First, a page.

On September 2, 2013, the science fiction author Frederik Pohl passed away after a respiratory illness claimed his life at the age of 93. Frederik Pohl was one of the last living legends from the golden age of science fiction. His books combined impressive scientific detail with equally impressive examinations of the human condition. Man and civilization was always at the center of his works. His finest books tried to look at people and the way scientific advances could lead to both great bounty and greater horrors. Frederik Pohl left behind a legacy of superb novels and short stories that netted him four Hugo and three Nebula awards as well as his many contributions as editor on various publications and agent. He is probably best known for his novel "Gateway", which won both the Hugo and the Nebula in 1977.
When a writer sits down to pen anything, whether it is a short story or a magnum opus, they have a plan. Well, most of the time they should but not everyone does. That can cause headaches because those who didn't think about how to manage the material may often write themselves into corners or become hopelessly jumbled. The good news is the variety of available techniques to shape and massage a story. None are better than the other because each writer and writing project is unique and what works for one story or author may not work for another. The writer has to take his own style and the demands of the story into consideration when choosing how to approach the daunting task of plotting a short story, novella, or novel. Below is a list of 28 different ways a writer can approach the problem.
1. The Basic Outline
Yep, this is the method almost everyone learns in high school when they do a thesis or research paper. A simple ordered list divided by numbers, Roman numerals, letters, and/or bullets. You can make 1.) into Act I, for example, and so forth. Use Word, OpenOffice, LibreOffice, or Mac Pages. Write the list. Have the software automagically divide it. The chief advantage is the easy and instantly recognizable structure that organizes events into a comprehensible format.
Michael Beard had one moment of glory that netted him a Nobel Prize, a success he trades upon for the next few decades, parlaying it into a reputation and a career. Unfortunately for Beard, his personal life is a shambles. The book picks up with his middle-aged self watching his fifth marriage self-destruct and the trajectory of his career swing down like a missile past apogee. By chance, almost like a kleptomaniac shoplifting, he steals the plans of another scientist for a new type of solar cell, becomes a global warming guru, and attempts to create a commercial enterprise from the theft. Greedy, self-absorbed, self-righteous, cynical, intellectually dishonest, heedless of the future, and utterly blind to everyone and everything around him, Beard sails full tilt into his own version of Icarus flying too close to the sun.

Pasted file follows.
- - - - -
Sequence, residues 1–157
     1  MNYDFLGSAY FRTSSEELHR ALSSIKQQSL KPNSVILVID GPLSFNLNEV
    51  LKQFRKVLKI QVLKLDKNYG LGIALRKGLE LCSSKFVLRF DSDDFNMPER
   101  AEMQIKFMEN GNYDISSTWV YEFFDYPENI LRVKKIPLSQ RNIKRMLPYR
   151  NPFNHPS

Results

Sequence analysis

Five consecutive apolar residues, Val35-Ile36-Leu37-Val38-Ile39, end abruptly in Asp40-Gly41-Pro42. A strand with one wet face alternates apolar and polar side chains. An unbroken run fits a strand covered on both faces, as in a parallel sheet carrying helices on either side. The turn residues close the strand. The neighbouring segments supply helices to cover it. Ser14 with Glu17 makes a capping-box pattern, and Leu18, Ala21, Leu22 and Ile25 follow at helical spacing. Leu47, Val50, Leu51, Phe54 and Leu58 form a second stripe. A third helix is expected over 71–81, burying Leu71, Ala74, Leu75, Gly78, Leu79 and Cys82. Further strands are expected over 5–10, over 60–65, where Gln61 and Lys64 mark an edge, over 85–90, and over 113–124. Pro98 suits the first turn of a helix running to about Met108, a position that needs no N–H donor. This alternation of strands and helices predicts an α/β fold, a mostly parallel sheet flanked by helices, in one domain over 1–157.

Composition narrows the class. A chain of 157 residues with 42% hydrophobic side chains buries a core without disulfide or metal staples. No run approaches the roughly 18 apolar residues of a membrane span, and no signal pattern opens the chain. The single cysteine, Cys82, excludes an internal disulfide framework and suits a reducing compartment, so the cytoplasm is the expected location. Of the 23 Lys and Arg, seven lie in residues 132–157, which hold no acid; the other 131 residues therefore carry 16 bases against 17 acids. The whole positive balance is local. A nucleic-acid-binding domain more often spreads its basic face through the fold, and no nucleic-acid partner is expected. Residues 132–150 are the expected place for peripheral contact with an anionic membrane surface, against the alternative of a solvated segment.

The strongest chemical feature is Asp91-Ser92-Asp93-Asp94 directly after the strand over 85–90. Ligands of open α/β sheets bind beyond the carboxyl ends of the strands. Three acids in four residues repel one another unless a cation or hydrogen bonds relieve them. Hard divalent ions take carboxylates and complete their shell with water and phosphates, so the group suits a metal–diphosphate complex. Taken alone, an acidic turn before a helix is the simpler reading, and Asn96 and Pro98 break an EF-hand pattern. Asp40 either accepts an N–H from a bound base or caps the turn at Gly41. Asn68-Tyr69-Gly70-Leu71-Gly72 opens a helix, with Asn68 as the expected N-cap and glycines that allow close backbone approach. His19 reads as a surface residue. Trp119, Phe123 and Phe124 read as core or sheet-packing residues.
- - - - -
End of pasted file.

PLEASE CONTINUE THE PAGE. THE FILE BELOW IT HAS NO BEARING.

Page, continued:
The chief reason posting has slowed down on this site has been because I've devoted time and effort on readying a story for publication on Smashwords. That effort payed off last night. The first of what I hope to be many stories is now available for download from Smashwords. The story is a novella called "The Moon Temple". You can download it for free at Smashwords.com here.
The Moon Temple
On another world, in another time, at the Great Festival of Ascension, the young chieftain Elsu woos a beautiful maiden named Kai. She accepts, but a misunderstanding causes Elsu to swear a rash vow to win her hand. Now Elsu, together with Bane, his best friend, sail to the forbidden sunken city of Angor Drava, lost beneath the waves a thousand years before, to steal the diamond eyes from a statue. But Bane harbors secrets and Elsu refuses to believe the warnings of a terrible evil dwelling in the temple.
Disaster epics have been around since man first started putting words to paper or clay. The fascination with destruction and the image of a world gone mad, nature upended, and the natural order undone remains as strong as ever. Today, there are numerous books and movies where the world ends or the world as we know it lies shattered. “When Worlds Collide” by Philip Wylie and Edwin Balmer stands as the grandfather for the current generation of disaster movies and novels. Both book and the George Pal movie that sprang from it influenced and inspired several generations of writers and filmmakers. It became the yardstick and template for many successors and imitators. The plot concerns scientists discovering a large rogue planet swinging into our solar system, putting the earth in the cross-hairs of a celestial shooting gallery with the rogue planet as the hammer that will smash the earth. Traveling to the smaller, earth-like planet orbiting the larger one using a spaceship is the lone hope for a select few.
Listed as the twenty-second Dirk Pitt adventure, “Poseidon's Arrow” is notable for featuring both Clive Cussler and his son, Dirk, as authors. This is the fifth book the two co-wrote. All the usual suspects pop up in this thriller: Dirk Pitt, his twin children, and Dirk's trusty sidekick Al Giordino. The book opens with a WWII Italian submarine in the last days of the war transporting supplies. The submarine is damaged by a depth charge and the crew abandon ship, leaving the sub to drift on the open ocean. The next thread in the story is the theft of a new top secret highly advanced experimental submarine called the Sea Arrow, which is capable of astonishing speeds underwater. At the same time, the inventor of the sub is murdered and all his research stolen. The third strand is an effort by an Austrian industrialist, Edward Bolcke, to corner the market in rare earths, intent on cutting off all supplies to the United States because of an old grudge.